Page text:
Record-low mortgage rates, remote work and the need for more space fueled the pandemic’s housing boom. But now, record-high rates and inflation — coupled with historic-high prices and market volatility — are all forcing a real cool down in America’s largest housing markets, including Metro Phoenix, where Arizona condo prices are falling faster than the prices of single-family homes.

As home prices began to fall, an interesting pattern emerged: Nationwide, condo prices contracted at a much slower rate than single family home prices, showing that the condo market holds up better in the face of the price correction process. However, the exact opposite can be noticed in Arizona where condos recorded bigger price drops compared to single family homes.

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Below you have some of the findings from our study:

• Nationwide, condo prices decreased in 65 of the 100 largest U.S. cities, while single family home prices fell in 88 markets.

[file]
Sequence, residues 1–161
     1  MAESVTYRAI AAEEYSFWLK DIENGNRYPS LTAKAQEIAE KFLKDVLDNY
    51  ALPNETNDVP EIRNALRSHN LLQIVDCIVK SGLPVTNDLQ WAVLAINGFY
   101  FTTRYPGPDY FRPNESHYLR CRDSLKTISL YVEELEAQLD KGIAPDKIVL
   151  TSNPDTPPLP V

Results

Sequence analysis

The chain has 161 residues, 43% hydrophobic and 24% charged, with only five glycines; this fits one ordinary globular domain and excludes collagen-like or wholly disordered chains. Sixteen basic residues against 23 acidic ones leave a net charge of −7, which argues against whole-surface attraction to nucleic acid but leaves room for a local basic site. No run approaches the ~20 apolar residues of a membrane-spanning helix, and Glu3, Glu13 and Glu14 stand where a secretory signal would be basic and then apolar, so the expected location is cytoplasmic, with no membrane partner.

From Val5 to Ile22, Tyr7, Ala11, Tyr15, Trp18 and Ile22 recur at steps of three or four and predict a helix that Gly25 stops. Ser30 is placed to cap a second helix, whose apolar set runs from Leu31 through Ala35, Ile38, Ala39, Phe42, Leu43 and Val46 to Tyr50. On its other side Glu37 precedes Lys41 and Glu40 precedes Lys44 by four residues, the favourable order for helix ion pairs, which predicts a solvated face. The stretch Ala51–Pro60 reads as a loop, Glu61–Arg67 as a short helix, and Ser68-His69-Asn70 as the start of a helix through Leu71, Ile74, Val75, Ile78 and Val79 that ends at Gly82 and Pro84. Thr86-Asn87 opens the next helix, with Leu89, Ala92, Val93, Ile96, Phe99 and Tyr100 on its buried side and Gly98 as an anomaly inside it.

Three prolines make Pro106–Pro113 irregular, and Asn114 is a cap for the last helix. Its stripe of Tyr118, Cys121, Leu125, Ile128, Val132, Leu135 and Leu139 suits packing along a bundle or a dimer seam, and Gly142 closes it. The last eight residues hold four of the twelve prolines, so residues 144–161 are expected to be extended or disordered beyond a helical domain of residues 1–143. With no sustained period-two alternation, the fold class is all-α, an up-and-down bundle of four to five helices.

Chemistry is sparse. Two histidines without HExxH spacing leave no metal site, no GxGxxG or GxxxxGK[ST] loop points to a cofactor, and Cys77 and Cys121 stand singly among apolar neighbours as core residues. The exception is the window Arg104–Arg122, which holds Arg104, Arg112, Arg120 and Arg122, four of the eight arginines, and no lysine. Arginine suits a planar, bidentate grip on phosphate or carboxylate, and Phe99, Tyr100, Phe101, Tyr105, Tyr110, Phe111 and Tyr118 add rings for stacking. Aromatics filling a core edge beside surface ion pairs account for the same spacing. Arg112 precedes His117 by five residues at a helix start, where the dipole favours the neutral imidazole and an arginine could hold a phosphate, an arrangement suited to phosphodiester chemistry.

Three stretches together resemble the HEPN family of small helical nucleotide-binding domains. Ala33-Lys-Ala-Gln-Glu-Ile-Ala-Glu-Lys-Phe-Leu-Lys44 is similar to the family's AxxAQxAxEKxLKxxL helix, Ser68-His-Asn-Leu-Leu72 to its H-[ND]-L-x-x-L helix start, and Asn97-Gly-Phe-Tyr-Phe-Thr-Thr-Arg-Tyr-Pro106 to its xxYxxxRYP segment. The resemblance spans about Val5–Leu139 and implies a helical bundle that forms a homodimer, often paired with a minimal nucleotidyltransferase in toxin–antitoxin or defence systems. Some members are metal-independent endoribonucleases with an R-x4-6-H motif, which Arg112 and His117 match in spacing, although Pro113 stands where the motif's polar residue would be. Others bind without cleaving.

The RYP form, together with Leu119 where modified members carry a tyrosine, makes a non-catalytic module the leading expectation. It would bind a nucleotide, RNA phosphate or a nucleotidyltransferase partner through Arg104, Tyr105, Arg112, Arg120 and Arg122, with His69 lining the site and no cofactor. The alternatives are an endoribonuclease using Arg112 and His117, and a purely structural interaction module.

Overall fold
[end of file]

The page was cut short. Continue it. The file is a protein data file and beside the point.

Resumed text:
• Arizona goes against the grain: In the state’s 7 largest cities, both condo and home prices fell compared to their May peaks, showing that demand and purchasing power took a hit;

• Single family home prices decreased in all of Arizona’s large cities. Chandler and Gilbert lead the way with a decline of -12% in just a few months, followed by Phoenix with a -10% drop;

• Likewise, in Mesa, Scottsdale, Glendale, and Tucson, houses prices contracted between -5% and -8% compared to their spring peaks;

• Condo prices decreased even more in Arizona’s large cities, with Glendale recording the biggest price drop (21%), followed by Mesa (15%) and Chandler (11%).

Check out the full report here: